The prospect of construction jobs in the recession-weary Central Valley has long been a selling point for proponents of California’s $68 billion high-speed rail project.
A controversy has arisen, however, since officials pledged in December to reserve a portion of those jobs for certain disadvantaged people.
In addition to veterans, former foster children and single parents, the classification includes high school dropouts, the homeless and people who have been convicted of a crime.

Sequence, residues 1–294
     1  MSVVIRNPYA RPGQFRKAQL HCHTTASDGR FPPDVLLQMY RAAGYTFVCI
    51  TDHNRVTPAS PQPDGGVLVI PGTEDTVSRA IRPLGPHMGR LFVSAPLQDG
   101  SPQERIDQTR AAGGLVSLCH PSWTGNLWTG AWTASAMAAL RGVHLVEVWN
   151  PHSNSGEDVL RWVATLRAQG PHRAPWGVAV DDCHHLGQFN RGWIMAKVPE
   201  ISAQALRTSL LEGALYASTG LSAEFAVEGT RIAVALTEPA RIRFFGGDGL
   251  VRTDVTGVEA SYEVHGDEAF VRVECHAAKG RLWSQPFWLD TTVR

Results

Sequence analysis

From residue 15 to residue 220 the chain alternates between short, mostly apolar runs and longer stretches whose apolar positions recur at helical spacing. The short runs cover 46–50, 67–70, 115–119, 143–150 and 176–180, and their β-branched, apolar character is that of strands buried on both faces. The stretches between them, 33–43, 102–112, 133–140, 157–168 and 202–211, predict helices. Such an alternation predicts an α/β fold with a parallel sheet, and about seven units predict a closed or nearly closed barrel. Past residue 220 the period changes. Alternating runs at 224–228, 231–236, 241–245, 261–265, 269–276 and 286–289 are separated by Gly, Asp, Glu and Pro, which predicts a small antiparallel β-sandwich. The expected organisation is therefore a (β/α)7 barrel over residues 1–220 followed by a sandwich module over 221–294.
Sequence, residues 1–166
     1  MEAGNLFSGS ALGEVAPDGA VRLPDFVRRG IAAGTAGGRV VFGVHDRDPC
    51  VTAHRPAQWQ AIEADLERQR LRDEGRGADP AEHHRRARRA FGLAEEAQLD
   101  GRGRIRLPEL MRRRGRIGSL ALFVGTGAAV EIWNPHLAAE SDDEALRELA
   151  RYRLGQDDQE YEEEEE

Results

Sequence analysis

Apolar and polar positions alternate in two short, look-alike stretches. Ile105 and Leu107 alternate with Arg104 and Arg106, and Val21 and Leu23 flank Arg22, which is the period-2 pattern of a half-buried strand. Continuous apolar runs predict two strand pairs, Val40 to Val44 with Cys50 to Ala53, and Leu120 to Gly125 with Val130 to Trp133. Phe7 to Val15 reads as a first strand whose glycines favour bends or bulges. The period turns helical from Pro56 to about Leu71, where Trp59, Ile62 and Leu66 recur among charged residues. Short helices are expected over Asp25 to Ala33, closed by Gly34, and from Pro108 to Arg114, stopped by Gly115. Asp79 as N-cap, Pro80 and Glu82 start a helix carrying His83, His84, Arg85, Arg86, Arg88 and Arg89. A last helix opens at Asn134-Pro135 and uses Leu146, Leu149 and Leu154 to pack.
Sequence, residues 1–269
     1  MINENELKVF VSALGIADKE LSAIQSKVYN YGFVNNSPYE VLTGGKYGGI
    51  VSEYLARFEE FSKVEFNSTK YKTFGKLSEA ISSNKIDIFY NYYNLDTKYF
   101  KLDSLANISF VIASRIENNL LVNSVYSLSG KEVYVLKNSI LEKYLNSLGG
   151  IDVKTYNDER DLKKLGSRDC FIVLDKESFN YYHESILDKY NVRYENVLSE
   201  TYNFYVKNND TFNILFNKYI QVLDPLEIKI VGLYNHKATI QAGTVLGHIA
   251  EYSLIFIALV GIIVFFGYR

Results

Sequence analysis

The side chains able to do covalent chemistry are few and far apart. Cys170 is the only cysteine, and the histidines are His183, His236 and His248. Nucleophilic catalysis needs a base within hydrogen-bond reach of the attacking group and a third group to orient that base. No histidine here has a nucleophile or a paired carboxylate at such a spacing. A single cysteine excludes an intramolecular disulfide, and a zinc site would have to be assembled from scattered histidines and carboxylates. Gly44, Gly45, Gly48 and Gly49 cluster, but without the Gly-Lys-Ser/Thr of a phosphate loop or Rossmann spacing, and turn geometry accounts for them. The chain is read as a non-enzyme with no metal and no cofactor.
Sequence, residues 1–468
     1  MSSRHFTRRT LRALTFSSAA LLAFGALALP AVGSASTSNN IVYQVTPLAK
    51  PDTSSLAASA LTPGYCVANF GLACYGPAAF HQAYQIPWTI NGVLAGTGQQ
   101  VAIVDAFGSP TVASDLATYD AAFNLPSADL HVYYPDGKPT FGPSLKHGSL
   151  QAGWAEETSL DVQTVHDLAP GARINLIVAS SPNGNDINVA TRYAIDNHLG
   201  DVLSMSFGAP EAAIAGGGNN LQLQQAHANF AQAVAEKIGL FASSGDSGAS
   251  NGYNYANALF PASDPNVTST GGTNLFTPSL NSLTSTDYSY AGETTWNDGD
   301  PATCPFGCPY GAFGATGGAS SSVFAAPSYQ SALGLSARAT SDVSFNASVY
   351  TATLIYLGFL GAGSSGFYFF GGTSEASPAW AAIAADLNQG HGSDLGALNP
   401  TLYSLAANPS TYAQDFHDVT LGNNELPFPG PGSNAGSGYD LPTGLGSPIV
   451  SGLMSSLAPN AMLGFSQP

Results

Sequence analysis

“There’s another chapter in the high-speed fail saga, and I almost can’t do this one with a straight face,” Assemblyman Brian Jones, R-Santee, said in a recent installment of “Are you kidding me?” — a video series in which Jones vents political frustrations. “What a social engineering disaster this is going to be, and add to California’s laughing-stock reputation.